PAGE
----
The postcard-only policy drastically reduces prisoners’ and other correspondents’ ability to communicate. It is more than a mere inconvenience and becomes a substantial barrier to First Amendment rights. Incarceration does not “form a barrier separating prison inmates [or free citizens] from the protections of the Constitution . . . . ”
* * *
Defendants state that the postcard-only policy reduces by half the time that staff members spend screening mail, but PLN aptly raises important questions concerning the actual amount of time that is saved. PLN questions the methods by which this figure was obtained. Also, PLN contends that the time necessary to review the mailing, mark the reason for its rejection, and attach a notice regarding an option to appeal the decision arguably would be no greater than the time necessary to open and inspect the contents of the envelope for contraband and send it on to the intended recipient. Defendants’ assertion regarding the impact on its budget is simply not well documented.
* * *
Therefore, the Court preliminarily enjoins defendants from restricting incoming and outgoing prisoner mail to postcards only, and orders defendants not to refuse to deliver or process prisoner personal mail on the ground that it is in a form other than a postcard.
Here locally, according to both Chief Deputy Peyton Grinell and Major David Mass, of the Lake County Sheriff’s Office, word spread some months ago through law enforcement channels regarding ‘postcard-only litigation,’ and the handwriting was more or less on the wall for jails and other penal institutions across the country. As noted at the outset of this article, the Lake County Detention Center no longer tries to impose an unconstitutional postcard-only restriction on mail sent to or from jail inmates. Remarkably, however, just as one fire burns down another wooded front seems ready to ignite: So-called “advertisement” mail.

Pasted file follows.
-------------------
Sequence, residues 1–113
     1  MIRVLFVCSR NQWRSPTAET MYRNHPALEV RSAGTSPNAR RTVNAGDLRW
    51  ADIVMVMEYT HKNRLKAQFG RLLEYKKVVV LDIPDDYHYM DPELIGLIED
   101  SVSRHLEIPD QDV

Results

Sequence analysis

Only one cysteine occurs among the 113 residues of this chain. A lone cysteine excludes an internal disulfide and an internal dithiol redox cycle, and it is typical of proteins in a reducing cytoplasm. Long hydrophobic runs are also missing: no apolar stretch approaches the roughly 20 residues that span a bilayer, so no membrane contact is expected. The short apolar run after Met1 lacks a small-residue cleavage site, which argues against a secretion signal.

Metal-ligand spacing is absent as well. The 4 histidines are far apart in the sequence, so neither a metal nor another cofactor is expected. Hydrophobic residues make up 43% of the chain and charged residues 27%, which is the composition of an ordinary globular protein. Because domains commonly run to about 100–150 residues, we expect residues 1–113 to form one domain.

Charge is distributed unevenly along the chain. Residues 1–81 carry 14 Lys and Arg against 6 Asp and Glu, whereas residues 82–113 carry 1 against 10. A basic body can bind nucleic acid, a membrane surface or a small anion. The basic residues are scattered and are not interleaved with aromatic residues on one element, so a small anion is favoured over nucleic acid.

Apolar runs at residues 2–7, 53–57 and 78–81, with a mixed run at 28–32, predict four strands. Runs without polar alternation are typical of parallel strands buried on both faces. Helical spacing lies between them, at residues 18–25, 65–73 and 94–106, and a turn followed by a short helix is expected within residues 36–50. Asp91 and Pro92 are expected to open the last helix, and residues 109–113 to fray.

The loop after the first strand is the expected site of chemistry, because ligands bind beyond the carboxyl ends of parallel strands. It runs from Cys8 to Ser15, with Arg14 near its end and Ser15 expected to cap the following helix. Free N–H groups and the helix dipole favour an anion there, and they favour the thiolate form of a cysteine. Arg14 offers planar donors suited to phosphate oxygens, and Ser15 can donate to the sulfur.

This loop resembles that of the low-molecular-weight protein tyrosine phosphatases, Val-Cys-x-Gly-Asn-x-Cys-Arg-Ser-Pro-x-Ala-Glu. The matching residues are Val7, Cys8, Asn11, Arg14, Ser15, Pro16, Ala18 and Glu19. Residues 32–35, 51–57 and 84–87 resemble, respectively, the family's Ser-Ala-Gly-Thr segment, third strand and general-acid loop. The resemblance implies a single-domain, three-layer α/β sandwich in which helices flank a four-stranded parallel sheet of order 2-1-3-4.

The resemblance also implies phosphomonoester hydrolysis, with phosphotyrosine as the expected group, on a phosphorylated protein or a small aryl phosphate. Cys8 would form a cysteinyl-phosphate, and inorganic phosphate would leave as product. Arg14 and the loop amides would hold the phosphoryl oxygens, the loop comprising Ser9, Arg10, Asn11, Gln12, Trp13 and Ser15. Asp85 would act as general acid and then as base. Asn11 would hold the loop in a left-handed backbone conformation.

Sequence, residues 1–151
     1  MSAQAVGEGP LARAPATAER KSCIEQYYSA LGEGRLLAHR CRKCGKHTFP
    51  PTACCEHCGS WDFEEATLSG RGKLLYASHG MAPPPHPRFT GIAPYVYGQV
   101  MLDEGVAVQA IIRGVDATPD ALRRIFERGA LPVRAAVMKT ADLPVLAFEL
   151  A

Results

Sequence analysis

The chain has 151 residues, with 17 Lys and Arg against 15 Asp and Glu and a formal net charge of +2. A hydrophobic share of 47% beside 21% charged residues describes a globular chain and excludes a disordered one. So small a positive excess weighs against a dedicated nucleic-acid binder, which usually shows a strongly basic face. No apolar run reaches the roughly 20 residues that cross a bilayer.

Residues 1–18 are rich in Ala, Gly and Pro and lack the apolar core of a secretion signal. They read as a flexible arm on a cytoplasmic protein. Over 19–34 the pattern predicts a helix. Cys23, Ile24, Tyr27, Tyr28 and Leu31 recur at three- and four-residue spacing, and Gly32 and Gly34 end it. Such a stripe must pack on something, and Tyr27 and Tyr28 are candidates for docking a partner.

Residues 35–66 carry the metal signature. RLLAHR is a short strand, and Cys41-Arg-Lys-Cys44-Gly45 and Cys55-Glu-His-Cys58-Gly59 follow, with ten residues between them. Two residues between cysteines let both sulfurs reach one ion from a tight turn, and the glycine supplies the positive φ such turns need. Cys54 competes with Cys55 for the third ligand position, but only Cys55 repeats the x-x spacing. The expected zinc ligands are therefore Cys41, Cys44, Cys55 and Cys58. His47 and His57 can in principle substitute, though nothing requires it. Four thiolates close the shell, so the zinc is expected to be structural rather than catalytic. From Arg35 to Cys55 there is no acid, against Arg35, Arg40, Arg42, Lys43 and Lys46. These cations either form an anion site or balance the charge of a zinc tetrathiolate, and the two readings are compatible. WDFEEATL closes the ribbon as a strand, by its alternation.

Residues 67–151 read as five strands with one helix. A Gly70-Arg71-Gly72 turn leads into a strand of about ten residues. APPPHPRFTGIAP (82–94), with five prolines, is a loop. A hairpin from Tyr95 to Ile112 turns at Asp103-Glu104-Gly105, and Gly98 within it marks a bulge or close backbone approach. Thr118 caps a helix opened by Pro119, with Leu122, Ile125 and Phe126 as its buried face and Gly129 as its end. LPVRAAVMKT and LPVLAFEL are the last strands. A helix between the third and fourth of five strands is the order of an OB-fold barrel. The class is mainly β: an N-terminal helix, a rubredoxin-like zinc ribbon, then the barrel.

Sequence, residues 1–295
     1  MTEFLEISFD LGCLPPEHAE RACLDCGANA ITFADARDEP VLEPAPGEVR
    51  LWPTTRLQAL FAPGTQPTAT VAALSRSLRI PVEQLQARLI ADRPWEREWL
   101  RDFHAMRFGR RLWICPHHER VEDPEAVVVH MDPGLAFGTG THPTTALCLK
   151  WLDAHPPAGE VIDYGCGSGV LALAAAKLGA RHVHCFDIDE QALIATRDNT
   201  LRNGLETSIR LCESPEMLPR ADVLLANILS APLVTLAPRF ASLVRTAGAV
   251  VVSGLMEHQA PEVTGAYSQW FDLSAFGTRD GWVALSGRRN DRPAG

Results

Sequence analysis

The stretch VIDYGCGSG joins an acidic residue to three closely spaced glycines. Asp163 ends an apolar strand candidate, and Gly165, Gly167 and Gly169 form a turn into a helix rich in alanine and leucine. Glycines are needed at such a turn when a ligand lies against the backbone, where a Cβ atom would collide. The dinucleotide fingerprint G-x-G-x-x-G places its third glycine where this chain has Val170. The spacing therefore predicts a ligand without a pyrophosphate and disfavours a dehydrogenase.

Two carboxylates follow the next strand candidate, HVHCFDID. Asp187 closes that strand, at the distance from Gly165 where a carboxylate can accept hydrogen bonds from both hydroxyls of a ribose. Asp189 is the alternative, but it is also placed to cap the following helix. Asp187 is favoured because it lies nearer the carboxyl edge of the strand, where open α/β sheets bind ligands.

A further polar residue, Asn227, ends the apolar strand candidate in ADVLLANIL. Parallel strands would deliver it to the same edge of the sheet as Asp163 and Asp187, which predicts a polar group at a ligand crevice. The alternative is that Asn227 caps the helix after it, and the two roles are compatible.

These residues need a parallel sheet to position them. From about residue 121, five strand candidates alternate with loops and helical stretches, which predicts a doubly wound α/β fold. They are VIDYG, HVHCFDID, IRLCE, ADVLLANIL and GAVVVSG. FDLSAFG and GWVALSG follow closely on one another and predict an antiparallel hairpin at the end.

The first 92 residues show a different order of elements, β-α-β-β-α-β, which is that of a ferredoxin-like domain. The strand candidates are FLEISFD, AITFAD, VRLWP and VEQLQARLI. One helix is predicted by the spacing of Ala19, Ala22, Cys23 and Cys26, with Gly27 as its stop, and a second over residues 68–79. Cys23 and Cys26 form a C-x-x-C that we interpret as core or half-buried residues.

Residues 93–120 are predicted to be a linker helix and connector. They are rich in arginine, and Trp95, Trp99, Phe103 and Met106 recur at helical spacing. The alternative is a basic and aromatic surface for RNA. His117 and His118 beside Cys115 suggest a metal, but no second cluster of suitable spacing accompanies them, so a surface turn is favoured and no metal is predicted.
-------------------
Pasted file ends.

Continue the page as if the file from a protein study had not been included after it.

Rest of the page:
Currently, the Lake County Detention Center rejects attorney advertisements which have been reviewed in advance and approved by The Florida Bar, and which bear on the outer envelope in conspicuous red ink — as mandated by Bar Rules — the word “advertisement.” The rationale for this prohibition, according to attorney David Porter (Sheriff Gary S. Borders’ general counsel), is that to allow such correspondence from an attorney to a potential client would necessitate an increase from the two persons who currently open the jail’s mail, to more. (As if this would strain a multi-million dollar budget, or even go beyond a call for a civilian volunteer or two to assist with a hypothetically feared ‘onslaught’ of attorney-letters.)
Given the fact that PLN has been found to have a legitimate, protectable First Amendment interest in mailing inmates “personally addressed envelopes containing informational brochures about subscribing… [and] copies of a catalog of books that PLN offers for sale,” it will be interesting to see whether Lake County can fend off similar constitutional challenges regarding Bar-approved attorney correspondences.
James Hope is a Florida Bar Board Certified Criminal Trial Lawyer who has been practicing criminal law in Tavares, Florida, since 1987. He has also been the Publisher and Executive Editor of Lake Legal News since 2009. He may be contacted at LakeLegalNews@gmail.com, or through his website at www.AttorneyJamesHope.com. [PHOTO CREDIT: Bonnie Whicher]